As Franciscans, we are called to live a simple life. And by choosing to live a simpler life, we are caring for creation whether we realize it or not. We end up using less electricity, gas, and oil. Fewer disposable containers go into landfills. Fewer agricultural chemicals are washed into rivers and aquifers. Don’t confuse a simple life with a convenient life, though; in fact, it often is often a very inconvenient life. But it is a life that is more intentional, often less costly, slower, healthier, and better for creation, all at the same time. Simple living is getting rid of the television and the microwave. Raising our own vegetables, eggs, and meat. Building a “green” home with cash. Limiting trips to the store, and rarely if ever eating at restaurants. Freedom from attachments, owning one car for a family of eight. Eliminating debt in our lives so we feel the freedom to follow the next step of God’s calling.
There is also a sense of slowness that is involved in simple living; the long processes. The slowness of waiting six months for each coat of plaster to cure on the straw-bale walls. The slowness of waiting three months for a tomato to grow and ripen. The slowness of soaking shell beans overnight then simmering them two hours instead of getting them from a can. The slowness of cooking a meal instead of eating fast food. The slowness of walking a couple miles to work instead of driving. I don’t always find myself meditating during these long processes, but they do offer a sense of the sacred – the respect for creation that comes from being less wasteful with toxic building materials, disposable packaging, refrigeration and transportation fuels. At first, these long processes might test our patience, but if you choose to embrace it and meditate on it, you might also discover the presence of God.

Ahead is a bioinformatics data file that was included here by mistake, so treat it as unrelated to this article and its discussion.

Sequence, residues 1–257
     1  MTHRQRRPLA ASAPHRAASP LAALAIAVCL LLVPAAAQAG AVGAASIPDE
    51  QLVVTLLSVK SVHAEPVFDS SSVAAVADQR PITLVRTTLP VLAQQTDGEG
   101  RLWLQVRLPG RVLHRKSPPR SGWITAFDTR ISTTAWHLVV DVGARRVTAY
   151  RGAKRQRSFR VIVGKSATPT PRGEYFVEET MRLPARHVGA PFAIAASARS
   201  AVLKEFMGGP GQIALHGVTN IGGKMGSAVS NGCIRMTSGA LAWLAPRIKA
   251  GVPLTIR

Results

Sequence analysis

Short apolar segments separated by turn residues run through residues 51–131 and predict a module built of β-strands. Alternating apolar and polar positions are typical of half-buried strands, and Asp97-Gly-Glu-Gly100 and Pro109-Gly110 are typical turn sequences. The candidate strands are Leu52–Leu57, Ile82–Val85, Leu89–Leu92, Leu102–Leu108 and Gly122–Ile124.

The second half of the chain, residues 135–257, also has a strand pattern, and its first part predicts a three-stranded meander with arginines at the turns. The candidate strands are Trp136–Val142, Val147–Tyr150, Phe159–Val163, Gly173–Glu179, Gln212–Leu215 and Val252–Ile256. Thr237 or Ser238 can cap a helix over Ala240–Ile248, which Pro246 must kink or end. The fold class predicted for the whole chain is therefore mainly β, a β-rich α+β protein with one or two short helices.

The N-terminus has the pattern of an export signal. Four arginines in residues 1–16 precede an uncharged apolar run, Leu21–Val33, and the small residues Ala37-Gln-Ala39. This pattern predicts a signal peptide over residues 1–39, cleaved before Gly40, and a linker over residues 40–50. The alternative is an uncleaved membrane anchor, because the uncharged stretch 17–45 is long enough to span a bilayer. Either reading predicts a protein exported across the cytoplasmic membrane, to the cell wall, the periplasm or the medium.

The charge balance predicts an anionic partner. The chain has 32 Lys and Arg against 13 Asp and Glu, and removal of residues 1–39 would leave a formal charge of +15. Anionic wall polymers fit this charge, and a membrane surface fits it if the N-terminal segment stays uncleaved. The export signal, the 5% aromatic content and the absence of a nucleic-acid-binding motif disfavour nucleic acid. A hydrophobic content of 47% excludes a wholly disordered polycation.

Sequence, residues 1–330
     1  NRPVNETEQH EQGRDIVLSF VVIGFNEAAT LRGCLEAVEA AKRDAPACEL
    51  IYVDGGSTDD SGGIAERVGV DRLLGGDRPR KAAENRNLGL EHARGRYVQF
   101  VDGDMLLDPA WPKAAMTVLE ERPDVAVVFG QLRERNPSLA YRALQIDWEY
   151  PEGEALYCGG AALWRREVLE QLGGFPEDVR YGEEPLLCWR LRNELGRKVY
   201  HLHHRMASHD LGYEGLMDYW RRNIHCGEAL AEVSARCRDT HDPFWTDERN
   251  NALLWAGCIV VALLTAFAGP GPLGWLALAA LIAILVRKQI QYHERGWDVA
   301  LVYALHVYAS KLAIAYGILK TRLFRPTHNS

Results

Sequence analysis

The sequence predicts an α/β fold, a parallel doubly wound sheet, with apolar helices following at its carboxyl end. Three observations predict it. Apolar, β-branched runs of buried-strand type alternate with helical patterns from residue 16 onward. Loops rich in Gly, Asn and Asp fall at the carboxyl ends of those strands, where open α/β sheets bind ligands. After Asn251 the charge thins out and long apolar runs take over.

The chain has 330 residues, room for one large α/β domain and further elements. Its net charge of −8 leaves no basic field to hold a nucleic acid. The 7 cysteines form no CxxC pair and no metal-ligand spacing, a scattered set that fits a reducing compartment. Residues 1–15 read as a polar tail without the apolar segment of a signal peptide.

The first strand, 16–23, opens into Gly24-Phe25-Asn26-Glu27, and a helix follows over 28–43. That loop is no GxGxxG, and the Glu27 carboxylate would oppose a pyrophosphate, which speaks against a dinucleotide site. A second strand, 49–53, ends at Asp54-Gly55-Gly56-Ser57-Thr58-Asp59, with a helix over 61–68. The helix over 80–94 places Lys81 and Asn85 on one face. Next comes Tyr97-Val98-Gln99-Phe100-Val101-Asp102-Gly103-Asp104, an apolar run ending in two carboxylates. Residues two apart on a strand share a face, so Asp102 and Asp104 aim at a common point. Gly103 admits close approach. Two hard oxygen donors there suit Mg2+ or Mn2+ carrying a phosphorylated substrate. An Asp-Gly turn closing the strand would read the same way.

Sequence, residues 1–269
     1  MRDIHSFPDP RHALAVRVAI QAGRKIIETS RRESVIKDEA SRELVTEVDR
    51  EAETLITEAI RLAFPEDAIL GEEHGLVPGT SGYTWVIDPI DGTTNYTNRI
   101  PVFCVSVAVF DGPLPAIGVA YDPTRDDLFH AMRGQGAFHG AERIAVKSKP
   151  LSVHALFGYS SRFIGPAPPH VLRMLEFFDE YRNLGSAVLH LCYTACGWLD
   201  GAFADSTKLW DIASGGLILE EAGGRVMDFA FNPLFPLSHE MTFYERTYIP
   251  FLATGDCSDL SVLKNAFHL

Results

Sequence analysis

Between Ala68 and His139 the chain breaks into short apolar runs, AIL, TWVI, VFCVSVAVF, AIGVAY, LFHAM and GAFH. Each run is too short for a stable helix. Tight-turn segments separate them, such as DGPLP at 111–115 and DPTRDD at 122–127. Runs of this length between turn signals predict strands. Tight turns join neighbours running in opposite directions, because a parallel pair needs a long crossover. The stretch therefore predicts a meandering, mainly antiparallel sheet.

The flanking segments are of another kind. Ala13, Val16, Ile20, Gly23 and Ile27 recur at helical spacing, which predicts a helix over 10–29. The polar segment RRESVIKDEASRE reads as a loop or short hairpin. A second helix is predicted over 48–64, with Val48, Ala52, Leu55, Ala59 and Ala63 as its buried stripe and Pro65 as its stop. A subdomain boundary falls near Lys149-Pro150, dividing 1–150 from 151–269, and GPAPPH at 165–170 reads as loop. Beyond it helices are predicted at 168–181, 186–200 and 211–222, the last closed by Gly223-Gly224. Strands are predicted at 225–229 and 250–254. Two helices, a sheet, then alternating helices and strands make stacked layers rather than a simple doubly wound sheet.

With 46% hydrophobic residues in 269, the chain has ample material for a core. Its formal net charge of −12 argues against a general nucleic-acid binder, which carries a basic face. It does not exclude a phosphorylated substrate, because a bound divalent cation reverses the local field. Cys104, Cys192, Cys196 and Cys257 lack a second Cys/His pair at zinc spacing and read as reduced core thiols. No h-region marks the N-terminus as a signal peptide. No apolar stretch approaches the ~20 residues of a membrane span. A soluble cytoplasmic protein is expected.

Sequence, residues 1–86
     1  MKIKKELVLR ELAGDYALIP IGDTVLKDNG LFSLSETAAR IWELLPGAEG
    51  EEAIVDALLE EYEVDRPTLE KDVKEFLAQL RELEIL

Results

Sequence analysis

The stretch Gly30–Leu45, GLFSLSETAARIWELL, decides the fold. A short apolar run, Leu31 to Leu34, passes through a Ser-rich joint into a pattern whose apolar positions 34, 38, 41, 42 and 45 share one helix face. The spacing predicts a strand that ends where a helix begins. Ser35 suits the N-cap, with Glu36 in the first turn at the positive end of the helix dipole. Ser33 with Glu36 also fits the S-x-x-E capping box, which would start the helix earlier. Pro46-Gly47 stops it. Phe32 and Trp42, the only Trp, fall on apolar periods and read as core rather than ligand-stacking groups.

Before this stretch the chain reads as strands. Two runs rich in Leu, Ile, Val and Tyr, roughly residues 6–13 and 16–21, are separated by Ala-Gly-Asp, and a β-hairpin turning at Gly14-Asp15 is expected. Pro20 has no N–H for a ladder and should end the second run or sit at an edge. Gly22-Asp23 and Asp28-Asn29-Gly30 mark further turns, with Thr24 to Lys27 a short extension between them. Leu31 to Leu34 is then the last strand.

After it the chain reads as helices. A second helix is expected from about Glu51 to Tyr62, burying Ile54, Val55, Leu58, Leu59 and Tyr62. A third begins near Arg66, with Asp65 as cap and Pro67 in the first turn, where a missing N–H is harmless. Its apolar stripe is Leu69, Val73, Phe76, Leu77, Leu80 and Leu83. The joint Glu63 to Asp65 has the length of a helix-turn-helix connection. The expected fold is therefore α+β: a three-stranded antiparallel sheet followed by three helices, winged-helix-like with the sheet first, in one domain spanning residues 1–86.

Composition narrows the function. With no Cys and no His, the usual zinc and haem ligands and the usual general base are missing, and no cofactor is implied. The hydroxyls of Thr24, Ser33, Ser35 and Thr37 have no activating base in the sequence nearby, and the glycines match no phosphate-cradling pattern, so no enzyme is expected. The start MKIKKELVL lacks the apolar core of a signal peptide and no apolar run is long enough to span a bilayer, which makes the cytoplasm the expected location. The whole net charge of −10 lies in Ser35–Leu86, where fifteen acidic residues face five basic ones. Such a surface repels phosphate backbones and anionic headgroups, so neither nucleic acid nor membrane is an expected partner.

What is particularly interesting to me is that choosing a simple lifestyle is also a form of solidarity with the poor; it ties the “J” and the “IC” from JPIC (Justice, Peace and Integrity of Creation) together. I have a friend who is on welfare due to a medical condition, and over the years he has complained less and less about how bad he’s got it because he knows that I live a simpler life than he does; that I raise a garden and livestock, that we cook most of our meals, and that we built our house ourselves. He’s comfortable around me because of my lifestyle. When I visited Haiti a few years ago, I felt right at home, and felt like I shared so much in common with our brothers and sisters there. I didn’t fear them or pity them – I just loved them and worked alongside them because my lifestyle was already so close to theirs.
What are some simple lifestyles that you admire, either from history or from modern times? What aspects of these simple lifestyles can you adopt this week and continue throughout your life?